The Rockies grabbed a 2-1 lead in the fifth inning when Blackmon crushed a home run to right-center field off Kershaw. The 447-foot blast was the longest allowed by Kershaw at Dodger Stadium since Statcast™ began tracking in 2015. It was also the second-longest home run by any hitter at Dodger Stadium this season.
More shaky defense arrived in the bottom of the fifth inning when Gold Glove third baseman Nolan Arenado made his first of two errors. He tried to flip the ball back to the third base to get Austin Barnes, but Hampson was blocked from the bag by umpire Lance Barrett and the ball rolled into foul territory. Barnes scored to tie the score 2-2.
MOMENTS THAT MATTERED
Turner made up for his third-inning error, making a diving stop and throw to first in the seventh when the Rockies had two on base against Kershaw. The play was similar to the one he misplayed in the third, but actually more difficult. Kershaw let out a roar on the play, which ended up being the final out he recorded on the night.
"I owed Kersh one for missing a ball earlier in the game," Turner said. "I told him in the dugout 'Go figure, I make that play and I missed the [more] routine one.' Kershaw was unbelievable keeping guys off-balance and helping us in the game, giving us a chance to win."
Kemp only starts for the Dodgers against left-handed pitchers these days, but he produced in the first inning, hitting his single with Machado on third base. With runners in scoring position this season, Kemp is batting .355 with a .582 slugging percentage. It is the best batting average with RISP in the National League.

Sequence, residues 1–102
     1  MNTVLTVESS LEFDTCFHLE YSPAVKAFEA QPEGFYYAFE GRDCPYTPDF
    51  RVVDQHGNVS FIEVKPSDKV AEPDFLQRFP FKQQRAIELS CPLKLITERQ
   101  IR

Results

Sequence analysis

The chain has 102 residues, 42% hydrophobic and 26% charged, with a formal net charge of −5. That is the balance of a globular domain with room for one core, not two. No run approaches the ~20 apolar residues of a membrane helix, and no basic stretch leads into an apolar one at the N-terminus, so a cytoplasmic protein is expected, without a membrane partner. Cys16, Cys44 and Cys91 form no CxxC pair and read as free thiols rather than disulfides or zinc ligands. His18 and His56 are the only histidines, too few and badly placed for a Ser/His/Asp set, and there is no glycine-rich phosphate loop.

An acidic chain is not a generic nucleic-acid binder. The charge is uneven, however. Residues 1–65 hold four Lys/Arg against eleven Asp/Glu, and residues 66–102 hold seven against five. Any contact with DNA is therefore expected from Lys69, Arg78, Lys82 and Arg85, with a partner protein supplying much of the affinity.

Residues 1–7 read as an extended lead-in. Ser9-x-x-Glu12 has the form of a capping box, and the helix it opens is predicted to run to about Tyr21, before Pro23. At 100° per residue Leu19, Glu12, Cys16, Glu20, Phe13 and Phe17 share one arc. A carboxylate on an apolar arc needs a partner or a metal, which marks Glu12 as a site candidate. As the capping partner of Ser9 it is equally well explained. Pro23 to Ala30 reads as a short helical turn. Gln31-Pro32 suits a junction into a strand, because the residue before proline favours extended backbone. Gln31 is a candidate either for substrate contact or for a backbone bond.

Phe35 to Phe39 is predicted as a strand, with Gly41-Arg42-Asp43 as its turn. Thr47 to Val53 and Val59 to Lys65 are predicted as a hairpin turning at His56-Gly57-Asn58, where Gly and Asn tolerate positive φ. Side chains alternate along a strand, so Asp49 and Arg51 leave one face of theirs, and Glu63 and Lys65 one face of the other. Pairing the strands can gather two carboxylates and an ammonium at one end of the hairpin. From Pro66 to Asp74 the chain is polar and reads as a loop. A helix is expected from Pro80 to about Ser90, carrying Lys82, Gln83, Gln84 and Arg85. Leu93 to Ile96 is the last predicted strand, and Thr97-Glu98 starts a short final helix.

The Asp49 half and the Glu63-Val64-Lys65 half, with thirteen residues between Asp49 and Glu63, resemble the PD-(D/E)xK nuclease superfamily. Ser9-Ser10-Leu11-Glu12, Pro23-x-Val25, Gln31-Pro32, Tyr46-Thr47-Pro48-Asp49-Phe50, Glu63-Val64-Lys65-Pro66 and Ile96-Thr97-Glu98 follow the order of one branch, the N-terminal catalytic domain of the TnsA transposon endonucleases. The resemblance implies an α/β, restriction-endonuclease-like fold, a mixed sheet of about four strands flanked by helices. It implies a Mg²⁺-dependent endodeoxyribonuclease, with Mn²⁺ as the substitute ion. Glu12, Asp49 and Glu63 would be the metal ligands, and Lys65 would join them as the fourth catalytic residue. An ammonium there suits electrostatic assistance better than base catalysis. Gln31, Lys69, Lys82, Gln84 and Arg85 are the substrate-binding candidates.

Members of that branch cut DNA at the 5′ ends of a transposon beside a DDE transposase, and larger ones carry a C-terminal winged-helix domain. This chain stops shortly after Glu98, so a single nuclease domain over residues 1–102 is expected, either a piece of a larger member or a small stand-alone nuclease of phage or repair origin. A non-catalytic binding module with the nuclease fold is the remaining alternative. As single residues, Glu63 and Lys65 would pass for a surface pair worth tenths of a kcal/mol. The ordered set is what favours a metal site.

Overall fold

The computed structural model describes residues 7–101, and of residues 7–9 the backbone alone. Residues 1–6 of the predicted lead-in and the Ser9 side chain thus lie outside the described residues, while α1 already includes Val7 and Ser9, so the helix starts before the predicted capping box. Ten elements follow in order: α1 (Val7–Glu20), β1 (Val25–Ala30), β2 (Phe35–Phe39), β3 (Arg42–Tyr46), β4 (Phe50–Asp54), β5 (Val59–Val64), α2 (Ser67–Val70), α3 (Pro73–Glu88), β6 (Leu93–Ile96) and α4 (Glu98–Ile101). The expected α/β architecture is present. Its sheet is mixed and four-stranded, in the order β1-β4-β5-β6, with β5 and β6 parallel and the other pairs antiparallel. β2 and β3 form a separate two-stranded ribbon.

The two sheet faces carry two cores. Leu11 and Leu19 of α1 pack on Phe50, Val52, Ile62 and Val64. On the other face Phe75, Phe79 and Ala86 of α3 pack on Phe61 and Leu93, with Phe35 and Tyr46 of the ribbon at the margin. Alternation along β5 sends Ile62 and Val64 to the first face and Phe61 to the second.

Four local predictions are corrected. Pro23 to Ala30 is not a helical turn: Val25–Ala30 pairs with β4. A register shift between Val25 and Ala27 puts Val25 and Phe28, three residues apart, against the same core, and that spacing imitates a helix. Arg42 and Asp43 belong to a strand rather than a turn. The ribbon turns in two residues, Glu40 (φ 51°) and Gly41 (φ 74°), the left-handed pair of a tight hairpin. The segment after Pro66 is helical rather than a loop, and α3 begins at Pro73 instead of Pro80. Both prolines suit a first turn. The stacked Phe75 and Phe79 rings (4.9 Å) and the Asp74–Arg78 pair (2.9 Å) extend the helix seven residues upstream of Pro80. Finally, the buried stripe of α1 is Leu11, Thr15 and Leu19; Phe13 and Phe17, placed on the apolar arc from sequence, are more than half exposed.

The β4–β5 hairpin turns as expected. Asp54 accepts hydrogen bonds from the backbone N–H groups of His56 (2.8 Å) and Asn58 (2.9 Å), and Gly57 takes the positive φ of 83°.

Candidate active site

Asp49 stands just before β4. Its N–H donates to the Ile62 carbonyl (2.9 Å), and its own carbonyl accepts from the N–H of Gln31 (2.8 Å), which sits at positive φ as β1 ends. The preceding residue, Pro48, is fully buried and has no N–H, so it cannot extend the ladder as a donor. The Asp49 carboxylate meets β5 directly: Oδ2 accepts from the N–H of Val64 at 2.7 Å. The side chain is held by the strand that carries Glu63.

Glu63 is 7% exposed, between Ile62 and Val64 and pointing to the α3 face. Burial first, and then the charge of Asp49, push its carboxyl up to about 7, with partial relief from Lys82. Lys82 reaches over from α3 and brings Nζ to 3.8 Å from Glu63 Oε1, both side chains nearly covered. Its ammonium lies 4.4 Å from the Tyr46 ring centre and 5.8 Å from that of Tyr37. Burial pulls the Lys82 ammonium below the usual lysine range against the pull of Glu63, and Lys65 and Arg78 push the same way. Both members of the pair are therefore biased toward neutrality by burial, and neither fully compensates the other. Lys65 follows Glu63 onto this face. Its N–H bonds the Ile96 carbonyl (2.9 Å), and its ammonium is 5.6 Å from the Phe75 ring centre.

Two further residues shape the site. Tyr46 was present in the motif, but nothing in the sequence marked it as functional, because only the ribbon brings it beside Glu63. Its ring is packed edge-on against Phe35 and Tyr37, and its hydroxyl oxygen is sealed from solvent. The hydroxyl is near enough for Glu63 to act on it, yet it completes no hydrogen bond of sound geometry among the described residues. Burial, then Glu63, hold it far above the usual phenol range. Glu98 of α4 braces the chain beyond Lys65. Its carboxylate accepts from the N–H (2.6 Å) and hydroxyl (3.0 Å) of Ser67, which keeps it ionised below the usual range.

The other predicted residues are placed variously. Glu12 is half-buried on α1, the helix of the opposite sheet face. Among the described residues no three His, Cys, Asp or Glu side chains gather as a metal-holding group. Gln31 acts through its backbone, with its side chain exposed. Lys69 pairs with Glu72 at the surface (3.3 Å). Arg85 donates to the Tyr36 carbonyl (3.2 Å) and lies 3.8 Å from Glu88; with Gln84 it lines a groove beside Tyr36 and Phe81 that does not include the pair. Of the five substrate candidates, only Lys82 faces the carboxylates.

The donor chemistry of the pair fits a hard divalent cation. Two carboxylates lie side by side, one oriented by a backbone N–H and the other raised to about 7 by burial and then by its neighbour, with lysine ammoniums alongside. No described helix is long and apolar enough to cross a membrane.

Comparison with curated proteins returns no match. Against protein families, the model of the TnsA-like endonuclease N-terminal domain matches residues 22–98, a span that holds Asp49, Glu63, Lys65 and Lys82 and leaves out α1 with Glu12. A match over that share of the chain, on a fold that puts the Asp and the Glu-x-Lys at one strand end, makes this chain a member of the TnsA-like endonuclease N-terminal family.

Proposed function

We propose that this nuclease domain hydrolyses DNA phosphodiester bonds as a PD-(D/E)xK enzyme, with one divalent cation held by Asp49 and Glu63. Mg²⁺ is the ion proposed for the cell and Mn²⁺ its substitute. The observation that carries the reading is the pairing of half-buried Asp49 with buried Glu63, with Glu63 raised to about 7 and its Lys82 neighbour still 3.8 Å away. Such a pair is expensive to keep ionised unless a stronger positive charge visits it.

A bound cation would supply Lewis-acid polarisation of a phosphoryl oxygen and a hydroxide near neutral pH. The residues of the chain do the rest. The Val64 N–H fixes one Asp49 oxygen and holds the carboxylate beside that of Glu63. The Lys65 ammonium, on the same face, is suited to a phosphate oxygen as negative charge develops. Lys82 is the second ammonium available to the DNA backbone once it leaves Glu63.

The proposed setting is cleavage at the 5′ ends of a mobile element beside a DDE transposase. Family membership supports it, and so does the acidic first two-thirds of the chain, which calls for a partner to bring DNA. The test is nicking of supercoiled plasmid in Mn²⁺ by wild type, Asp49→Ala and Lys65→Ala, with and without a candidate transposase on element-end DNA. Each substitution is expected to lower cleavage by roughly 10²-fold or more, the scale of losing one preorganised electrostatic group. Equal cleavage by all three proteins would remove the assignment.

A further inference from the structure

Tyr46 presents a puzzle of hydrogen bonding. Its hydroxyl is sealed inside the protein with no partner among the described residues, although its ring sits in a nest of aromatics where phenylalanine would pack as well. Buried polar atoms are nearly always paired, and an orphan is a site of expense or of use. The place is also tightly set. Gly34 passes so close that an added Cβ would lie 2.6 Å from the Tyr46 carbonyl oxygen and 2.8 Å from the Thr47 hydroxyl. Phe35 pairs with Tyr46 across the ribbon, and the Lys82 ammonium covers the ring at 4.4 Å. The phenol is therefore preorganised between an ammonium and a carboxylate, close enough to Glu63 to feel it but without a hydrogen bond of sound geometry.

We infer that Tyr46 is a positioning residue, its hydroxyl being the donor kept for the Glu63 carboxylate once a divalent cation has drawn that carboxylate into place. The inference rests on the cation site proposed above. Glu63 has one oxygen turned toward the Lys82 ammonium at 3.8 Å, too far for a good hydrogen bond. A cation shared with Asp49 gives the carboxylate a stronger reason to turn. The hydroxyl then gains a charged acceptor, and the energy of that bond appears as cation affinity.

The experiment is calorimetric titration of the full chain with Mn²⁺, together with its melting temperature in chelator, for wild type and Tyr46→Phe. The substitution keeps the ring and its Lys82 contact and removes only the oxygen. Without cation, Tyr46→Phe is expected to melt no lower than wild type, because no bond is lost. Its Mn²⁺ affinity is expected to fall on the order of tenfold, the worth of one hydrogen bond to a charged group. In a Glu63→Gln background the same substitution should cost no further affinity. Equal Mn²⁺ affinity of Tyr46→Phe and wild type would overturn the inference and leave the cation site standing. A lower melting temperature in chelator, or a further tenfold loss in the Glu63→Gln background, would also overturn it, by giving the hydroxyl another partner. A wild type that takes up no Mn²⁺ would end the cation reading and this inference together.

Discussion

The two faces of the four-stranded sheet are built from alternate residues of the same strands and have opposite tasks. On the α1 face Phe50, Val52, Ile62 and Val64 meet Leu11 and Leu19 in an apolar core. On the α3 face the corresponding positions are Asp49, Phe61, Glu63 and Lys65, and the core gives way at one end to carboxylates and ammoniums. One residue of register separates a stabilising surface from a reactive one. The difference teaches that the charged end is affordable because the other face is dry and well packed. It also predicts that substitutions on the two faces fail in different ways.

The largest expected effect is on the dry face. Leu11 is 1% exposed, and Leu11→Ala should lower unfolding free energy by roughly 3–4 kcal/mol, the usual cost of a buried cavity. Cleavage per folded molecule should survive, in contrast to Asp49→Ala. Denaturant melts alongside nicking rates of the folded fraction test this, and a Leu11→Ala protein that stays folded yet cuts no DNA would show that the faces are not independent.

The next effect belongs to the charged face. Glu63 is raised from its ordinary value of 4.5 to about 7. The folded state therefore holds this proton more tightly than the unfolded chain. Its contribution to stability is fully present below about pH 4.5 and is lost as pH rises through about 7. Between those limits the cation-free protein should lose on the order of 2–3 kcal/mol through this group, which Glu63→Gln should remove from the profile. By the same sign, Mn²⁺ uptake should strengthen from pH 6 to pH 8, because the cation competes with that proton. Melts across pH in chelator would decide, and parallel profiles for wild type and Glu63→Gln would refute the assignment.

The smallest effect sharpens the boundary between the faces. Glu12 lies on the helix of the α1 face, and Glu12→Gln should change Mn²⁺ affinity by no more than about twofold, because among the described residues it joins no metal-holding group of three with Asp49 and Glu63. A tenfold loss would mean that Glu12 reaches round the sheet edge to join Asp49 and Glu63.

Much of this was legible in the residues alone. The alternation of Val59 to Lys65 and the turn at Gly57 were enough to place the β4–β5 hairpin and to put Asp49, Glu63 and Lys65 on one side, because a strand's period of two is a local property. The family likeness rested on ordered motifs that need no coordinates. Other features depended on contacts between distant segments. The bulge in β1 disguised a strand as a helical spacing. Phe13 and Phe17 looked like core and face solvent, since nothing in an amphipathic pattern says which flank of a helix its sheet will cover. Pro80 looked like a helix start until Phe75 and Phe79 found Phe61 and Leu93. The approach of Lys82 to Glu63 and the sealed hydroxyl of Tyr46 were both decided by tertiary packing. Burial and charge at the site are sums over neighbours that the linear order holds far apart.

YOU GOTTA SEE THIS
Maeda is mostly reserved with his emotions, but he let his feelings out with a roar in the eighth inning when he struck out Arenado and Matthew Holliday swinging, before getting Ian Desmond looking. It was nearly an immaculate inning as he threw 10 pitches, nine of them strikes.
Maeda's move back to the bullpen in August has been rough at times, but the Dodgers are confident he will start looking more like the pitcher who was a secret weapon in relief last postseason.
"We're betting on it," manager Dave Roberts said. "That's why we made the move, considering when we made the move, the position we were in. We need those huge outs from Kenta and we've seen it."
HE SAID IT
"Depth is a key word around here. You see it tonight. We basically brought out a completely different lineup against the lefty than we did the night before. It just goes to show the caliber of players we have in our clubhouse and the unselfishness of guys to take lesser roles to be in different situations." -- Kershaw, on a deep Dodgers roster
The Dodgers will send rookie Walker Buehler to the mound Wednesday in the series finale against the Rockies, with the right-hander coming off what was possibly his best start of an impressive season. Buehler held the Cardinals scoreless over eight innings and matched a season high with nine strikeouts. The Rockies will counter with left-hander Tyler Anderson, with first pitch at 7:10 p.m. PT.